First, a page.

FTP: The House of Seven Corpses (1974)

JULY 14, 2022


To be fair to The House Of Seven Corpses, I've already seen a "house" with roughly 993 more corpses, so at no point was I expecting a fast paced, ultra violent affair. But I was still disappointed, because it turns out it's one of those movies where if you were to ask someone what the plot was, they'd basically be spoiling the third act. Even the official synopsis explains that it's about a film crew who inadvertently use a real incantation as dialogue in their film, which awakens a ghoul that proceeds to kill them all one by one. Awesome, right? Well, it's 87 minutes long and the ghoul doesn't awaken until a bit past the hour mark, so.

I mean, as a Jason Takes Manhattan defender I've certainly listened to countless "He's only in New York for the last 20 minutes!" kind of complaints over the years, but I think we can all agree that while the NY part of the film isn't as prominent as the title suggests, at least he's doing his usual thing for the entire movie, racking up a then-high body count in fact! Here, before the ghoul finally wakes up, there's nothing really horror about the movie at all beyond the fact that the crew is, unsurprisingly, making a horror movie (oh and someone kills a cat). Only the film's opening scene tries to trick us into thinking that what we're seeing is real; every other example for the next hour, such as a character's death in the film they're making, is presented as it really is, with the makeup guy standing next to her and the director calling "action!" and all that.

Luckily, it's still mildly entertaining anyway, thanks to the relentless assholery of John Ireland as the film's director. He snarls at his actors, yells at his crew, and treats the shooting location's owner (John Carradine!) as a crazy loon - there's basically no point in the movie where you won't be wanting the ghoul to kill him, but given it's otherwise uninvolving plot, his behavior becomes kind of charming in its own way. It's from the 1970s so I don't have to tell (warn) you that some of his treatment of his female co-stars is off-putting (one example I'm not even sure how it would have been acceptable even then), but knowing that he'll eventually get what's coming to him makes it easier to digest.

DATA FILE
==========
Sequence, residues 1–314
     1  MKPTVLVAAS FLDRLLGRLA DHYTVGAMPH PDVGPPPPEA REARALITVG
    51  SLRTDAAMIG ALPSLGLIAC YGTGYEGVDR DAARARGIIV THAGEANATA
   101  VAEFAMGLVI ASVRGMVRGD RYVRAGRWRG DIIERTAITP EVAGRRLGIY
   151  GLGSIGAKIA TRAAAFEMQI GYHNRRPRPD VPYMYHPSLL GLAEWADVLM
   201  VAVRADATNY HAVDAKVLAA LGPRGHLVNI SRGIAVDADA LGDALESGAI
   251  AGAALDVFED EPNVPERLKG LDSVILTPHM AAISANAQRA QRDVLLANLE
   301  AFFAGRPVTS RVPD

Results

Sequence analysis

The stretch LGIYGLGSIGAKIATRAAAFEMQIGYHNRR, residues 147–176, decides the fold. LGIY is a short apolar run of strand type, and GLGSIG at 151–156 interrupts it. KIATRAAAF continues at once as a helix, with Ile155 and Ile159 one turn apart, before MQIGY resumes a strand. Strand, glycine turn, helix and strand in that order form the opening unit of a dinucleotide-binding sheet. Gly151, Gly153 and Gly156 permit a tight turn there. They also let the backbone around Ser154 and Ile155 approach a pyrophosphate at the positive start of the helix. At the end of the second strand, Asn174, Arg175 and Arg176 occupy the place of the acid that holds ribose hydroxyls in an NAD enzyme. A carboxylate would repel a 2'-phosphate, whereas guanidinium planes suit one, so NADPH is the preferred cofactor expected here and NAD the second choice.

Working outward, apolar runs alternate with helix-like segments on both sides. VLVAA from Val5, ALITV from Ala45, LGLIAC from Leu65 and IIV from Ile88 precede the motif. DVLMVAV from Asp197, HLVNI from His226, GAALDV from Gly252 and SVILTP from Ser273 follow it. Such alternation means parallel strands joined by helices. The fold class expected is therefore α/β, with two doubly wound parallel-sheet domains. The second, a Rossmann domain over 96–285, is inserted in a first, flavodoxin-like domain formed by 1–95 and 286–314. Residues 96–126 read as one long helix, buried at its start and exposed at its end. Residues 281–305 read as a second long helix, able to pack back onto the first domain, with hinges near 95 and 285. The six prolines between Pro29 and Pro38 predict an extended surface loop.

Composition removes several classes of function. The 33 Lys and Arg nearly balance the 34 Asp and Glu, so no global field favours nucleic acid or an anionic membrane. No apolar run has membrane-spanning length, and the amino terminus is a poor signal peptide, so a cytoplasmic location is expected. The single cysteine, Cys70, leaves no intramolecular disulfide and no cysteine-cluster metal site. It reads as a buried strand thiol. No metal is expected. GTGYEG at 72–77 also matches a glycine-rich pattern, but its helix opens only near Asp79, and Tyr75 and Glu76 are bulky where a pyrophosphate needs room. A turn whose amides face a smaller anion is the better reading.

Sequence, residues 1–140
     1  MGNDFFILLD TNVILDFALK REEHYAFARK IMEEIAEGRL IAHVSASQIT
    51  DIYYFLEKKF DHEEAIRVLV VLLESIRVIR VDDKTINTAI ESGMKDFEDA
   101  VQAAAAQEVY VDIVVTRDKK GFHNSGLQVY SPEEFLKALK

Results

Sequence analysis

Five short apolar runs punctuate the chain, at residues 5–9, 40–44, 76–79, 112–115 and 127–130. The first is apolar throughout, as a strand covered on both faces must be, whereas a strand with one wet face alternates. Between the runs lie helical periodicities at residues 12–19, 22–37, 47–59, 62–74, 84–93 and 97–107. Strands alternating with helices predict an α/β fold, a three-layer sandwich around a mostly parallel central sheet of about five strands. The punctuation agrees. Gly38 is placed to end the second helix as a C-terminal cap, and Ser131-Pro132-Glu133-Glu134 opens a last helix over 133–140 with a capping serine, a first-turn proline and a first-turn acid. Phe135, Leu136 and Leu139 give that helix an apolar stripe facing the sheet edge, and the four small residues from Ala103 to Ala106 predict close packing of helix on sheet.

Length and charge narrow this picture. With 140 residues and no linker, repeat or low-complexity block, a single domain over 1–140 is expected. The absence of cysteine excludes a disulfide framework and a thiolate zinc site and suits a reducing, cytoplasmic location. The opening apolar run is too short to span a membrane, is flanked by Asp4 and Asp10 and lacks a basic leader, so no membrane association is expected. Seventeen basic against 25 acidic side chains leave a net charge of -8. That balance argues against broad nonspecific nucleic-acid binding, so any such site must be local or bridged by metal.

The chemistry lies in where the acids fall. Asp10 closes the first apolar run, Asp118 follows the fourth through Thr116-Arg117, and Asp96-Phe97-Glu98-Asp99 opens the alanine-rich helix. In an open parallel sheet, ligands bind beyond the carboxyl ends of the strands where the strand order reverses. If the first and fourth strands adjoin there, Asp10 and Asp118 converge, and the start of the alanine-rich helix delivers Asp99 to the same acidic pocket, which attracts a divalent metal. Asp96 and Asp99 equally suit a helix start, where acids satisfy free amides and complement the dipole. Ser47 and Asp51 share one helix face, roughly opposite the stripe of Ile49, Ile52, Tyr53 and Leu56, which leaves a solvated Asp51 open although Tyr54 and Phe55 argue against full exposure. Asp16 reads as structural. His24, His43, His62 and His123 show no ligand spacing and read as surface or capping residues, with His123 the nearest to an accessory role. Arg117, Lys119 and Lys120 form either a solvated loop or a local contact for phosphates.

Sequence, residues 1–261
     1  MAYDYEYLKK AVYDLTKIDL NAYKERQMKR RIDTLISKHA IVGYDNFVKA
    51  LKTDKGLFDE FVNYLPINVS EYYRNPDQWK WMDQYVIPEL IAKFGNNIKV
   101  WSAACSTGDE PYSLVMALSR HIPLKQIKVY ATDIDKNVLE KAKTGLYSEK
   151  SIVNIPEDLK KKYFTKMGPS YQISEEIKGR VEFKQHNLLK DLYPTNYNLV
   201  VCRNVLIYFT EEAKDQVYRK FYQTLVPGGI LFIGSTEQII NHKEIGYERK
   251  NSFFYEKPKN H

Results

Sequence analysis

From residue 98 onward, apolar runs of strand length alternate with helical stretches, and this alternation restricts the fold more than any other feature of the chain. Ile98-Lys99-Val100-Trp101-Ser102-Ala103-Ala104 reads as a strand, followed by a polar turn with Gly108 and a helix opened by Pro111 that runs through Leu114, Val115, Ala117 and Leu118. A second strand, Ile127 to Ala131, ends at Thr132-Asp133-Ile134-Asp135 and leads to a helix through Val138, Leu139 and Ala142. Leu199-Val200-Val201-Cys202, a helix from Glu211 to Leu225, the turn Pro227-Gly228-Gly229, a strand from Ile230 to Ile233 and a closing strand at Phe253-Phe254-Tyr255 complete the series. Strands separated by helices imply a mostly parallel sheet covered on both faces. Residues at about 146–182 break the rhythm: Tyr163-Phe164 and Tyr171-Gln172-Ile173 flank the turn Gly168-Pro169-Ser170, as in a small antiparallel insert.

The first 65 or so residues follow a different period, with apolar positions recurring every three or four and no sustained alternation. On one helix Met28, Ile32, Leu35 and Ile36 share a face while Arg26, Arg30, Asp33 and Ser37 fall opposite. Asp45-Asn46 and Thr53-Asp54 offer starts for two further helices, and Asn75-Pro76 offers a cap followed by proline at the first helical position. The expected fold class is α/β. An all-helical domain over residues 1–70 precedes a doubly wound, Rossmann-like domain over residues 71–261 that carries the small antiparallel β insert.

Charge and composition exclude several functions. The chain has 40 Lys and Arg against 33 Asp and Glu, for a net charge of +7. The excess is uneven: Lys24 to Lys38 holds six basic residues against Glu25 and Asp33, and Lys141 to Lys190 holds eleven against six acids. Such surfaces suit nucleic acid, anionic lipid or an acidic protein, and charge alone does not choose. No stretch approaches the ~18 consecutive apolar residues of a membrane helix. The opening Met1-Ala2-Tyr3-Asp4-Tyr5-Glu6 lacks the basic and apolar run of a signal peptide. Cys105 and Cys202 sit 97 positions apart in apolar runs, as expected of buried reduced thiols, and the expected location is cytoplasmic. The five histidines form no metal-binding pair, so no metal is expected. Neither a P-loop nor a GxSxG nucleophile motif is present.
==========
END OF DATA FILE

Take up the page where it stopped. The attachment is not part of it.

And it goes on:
Otherwise though, it's just too little, too late. The ghoul's rampage is pretty quick, and there's another twist with a crew member being part of the "curse" that doesn't even make much sense, coming out of nowhere and with very little follow-through. Director Paul Harrison quit directing after this, his first feature in a career that otherwise saw him directing TV variety shows and his most notable work after this was writing a few episodes of Days Of Our Lives, so I think we can all safely assume that making horror movies wasn't his forte. The commentary provides more traditional entertainment value, with co-producer/production manager Gary Kent telling his stories with the assistance of Lars Nilsen from the Alamo Drafthouse. Neither of them believe the film to be high art, so they occasionally goof on its plotting a bit (Nilsen notes the laughably small crew they're using to make the movie) and seem to enjoy each other's company. There's also a lengthy interview with Carradine, but not only is it not specific to this film, he downplays his horror association, making it an odd inclusion for this horror film. But if you're a fan of the man, you'll enjoy his stories all the same.

What say you?


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